A car restoration can be looked at from a lot of perspectives -some with blind trust through a pen writing checks, some like a soccer coach all passionate on the sidelines cajoling the players, but for me it’s all a hands on, do it yourself deal involving my time, hands and some percentage of my processing power at any given time with the intended consequence of improving things and learning. That and the occasional trip to the powder-coaters.
Some days I am enthusiastic because I genuinely enjoy the challenge of taking a neglected mechanism, unable to fulfill it’s intended function and cosmetically challenged, and making it work and look good. Other days I keep my enthusiasm up by imagining driving the finished product and saying without much conviction ‘it just a bunch of nuts and bolts holding a few special brackets in between together’. I wrote a post about this ‘nuts and bolts’ approach when I was working on the Sprint Speciale, early in the life of this blog. That post was concerned with process and finish, this one is more a study of psychology psychosis or whatever -from a pscientific perspective
Intake parts here, the duplex fuel pump again, a good portion of the remote float bowl, one of the chokes, booth accelerator pump covers and a hose clamp. In this orientation and state, they are little more than intricately beautiful mechanical objects sitting near each other on a tray. Put them together with the rest of their coterie in a particular way and they precisely pump and meter fuel.
Ah -the bright stuff. Here we have a lot of bits that have been tumbled, plated and polished or just cleaned if appropriate. That big bracket is the bottom mount that joins the transmission to the engine. The cog beside it is the crank pulley for the timing belt. The red thing is a tail light lens, the long screws hold the starter together, the big clamp ring is part of the generator belt tensioning system etc. My favorite -the toothed lock washers at the top of the picture. I don’t know it is about the toothed lock washers, but off all the common parts they have the most personality.
Much of the fun of this project is exploring the back country of this new continent called Glas 1700 GT. I pick a part from a box or bag, figure out what it is, then figure out why it was made the way it was. Some parts are tractor simple, like the big transmission to engine bracket, some are overly complicated like the two fan-to-pulley-to-waterpump aluminum split clamps in the lower left hand corner. Once I establish the what it is and how was it made part, I decide on an appropriate finish for the part based on what it might have looked like in the lights of the showroom. I think if I was wildly (or even mildly) wealthy I would pay to do this. I kind of imagine a pursuit of the well healed might me assembling cars as though big metal jigsaw puzzles -if all the pieces were clean, finished and ready for assembly -could even be a team sport.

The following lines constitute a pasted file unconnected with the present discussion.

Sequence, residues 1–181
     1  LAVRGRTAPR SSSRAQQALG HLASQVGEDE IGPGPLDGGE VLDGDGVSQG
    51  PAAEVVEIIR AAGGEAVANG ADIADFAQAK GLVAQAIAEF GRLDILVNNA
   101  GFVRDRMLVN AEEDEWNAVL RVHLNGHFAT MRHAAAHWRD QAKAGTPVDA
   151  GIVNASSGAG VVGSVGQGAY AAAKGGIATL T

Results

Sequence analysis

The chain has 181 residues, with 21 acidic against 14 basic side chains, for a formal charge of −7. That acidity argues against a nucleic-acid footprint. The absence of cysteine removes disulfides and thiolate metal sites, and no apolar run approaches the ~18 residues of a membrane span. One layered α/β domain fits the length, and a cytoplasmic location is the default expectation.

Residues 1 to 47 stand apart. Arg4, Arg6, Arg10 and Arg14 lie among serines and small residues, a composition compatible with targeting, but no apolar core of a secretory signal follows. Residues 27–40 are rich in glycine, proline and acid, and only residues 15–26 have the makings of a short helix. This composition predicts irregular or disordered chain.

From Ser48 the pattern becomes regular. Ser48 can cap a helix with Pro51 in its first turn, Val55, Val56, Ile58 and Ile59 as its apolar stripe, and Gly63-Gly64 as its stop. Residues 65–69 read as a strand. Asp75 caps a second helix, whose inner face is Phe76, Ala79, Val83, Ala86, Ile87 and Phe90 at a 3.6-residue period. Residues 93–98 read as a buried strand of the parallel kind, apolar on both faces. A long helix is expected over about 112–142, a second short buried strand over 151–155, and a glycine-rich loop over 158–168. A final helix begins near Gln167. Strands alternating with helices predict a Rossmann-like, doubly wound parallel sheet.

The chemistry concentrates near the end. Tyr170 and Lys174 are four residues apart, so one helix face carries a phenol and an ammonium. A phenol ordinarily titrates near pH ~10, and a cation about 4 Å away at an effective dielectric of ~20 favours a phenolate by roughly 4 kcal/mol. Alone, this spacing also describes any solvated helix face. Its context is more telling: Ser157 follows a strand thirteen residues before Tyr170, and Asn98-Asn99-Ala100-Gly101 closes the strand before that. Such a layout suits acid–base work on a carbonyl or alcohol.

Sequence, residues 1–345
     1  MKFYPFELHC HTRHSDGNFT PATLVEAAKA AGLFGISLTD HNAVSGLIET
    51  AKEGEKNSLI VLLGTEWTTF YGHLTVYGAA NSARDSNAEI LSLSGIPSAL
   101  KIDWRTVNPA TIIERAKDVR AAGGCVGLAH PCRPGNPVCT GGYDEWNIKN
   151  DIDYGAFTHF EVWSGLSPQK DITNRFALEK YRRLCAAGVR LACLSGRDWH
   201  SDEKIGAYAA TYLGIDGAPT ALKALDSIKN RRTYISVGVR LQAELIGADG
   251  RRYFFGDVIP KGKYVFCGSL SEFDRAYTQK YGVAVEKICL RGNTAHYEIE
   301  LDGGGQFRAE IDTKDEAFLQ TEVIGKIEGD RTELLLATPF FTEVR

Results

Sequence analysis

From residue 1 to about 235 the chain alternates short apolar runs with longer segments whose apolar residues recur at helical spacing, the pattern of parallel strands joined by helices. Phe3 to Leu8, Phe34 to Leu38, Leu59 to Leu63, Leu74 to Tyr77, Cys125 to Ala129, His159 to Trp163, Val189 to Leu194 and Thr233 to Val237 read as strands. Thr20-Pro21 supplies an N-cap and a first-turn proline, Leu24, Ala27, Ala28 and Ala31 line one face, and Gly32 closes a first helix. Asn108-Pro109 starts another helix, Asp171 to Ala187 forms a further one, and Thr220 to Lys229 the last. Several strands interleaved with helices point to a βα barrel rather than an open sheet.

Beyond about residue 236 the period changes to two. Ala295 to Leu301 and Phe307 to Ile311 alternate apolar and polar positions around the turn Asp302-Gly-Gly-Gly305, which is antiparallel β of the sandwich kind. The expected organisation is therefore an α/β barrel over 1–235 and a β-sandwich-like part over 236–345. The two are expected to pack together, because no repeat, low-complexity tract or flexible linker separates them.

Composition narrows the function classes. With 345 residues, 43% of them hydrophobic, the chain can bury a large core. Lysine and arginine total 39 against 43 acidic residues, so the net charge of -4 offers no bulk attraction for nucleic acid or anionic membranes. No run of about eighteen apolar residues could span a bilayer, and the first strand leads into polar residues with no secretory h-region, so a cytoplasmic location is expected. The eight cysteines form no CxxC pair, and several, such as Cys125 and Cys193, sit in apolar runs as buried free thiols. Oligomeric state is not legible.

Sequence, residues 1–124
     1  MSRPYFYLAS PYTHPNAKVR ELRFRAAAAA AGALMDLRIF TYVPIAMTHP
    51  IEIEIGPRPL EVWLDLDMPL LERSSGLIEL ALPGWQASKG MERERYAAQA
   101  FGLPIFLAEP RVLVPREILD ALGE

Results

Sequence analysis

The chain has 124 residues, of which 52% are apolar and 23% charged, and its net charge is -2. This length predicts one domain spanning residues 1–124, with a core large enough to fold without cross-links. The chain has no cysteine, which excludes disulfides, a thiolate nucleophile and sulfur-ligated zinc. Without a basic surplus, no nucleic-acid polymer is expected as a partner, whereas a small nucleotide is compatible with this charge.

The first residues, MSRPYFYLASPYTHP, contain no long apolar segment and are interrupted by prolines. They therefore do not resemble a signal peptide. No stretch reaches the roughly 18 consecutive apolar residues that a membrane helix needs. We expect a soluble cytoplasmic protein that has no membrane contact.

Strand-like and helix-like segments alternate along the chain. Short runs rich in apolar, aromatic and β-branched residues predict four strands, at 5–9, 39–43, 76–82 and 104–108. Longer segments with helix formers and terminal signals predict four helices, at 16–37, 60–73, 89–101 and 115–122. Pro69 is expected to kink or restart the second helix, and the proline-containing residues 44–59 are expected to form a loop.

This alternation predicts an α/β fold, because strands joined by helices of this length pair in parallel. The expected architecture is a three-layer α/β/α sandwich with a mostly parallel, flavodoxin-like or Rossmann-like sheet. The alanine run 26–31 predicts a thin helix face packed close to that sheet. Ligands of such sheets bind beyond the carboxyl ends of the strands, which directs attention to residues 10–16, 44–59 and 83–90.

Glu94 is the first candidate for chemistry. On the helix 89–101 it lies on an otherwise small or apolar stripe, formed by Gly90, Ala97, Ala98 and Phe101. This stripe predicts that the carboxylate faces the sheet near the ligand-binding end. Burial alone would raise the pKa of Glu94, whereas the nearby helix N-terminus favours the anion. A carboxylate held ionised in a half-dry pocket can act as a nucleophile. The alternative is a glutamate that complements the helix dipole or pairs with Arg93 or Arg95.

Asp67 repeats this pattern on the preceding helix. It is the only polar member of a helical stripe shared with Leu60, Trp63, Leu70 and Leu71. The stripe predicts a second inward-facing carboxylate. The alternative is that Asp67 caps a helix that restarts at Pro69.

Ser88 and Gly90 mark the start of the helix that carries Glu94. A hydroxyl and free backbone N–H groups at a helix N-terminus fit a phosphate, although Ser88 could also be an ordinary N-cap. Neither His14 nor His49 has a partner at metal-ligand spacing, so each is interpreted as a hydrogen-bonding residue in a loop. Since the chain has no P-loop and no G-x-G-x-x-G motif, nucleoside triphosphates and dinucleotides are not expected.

Here is a good bit of parts just entering the processing queue. Some just out of the tumbler including a lot of nuts, bolts and washers, and some not suitable for it like the distributor and accelerator pump diaphragms. The tumbler is a sweet parts cleaner. You load it and leave it. The next morning you unload it, rinse and dry the parts and think about the next step. Check out the motor mounts in the upper right hand corner.
I have a lot of duplicates from the parts car, the good car and Norm’s car that has the BMW transplant. It seems like a good idea to try and restore the worst example of a particular part -the distributor above is a good example, before taking on the good one. Next thing you know I will be the expert… or have a bunch of beautiful mechanisms that don’t work! I’ll tackle the good set of Solex’s after the set that’s all apart above goes together…
And here’s another little job… I tore the one of gaskets that hold the fuel in the pumps when I took them apart, so I needed to buy or make replacements. I noticed that the ID of 40DCOE-to-airbox gaskets from an Alfa Giulia set were about the same as that of the torn gaskets and had this idea.
The bell is the cover for the fuel pump -there are two of them. Fuel flows in under it and it needs to hold it there, to keep the rest of the cosmo’s fuel-free. A thick paper gasket is just the thing. I was going to struggle free-hand but Jaan, with his usual deadpan practicality suggested I take this aluminum plate with a hole in it, screw the bell down hard to it then cut it out with an exacto knife. Was a bit more work than I anticipated, mainly due to the thickness of the paper, but probably hugely easier than doing it freehand. It sort of came out okay.
Yes, the two circles are not concentric, but the concour judge will not likely look inside the fuel pump to make sure they are -she’ll be on her iPhone trying to figure out what a Glas 1700 GT is supposed to look like and find this post and know I made substandard fuel pump gaskets and ding me a point for it without needing to pull it apart, risking the cosmo’s with fuel smell for all. Voila! Gaskets.
I was tempted to write that with a restoration you have three paths, you can leave it alone, make it how you want it, or make it how it was -but I realized there is a fourth, the most common path -you can fail to do any one of the three or a combination there-of. I intend to toe the line between failing making it how it was and making it work.
Up next, failing making it roll how it used to.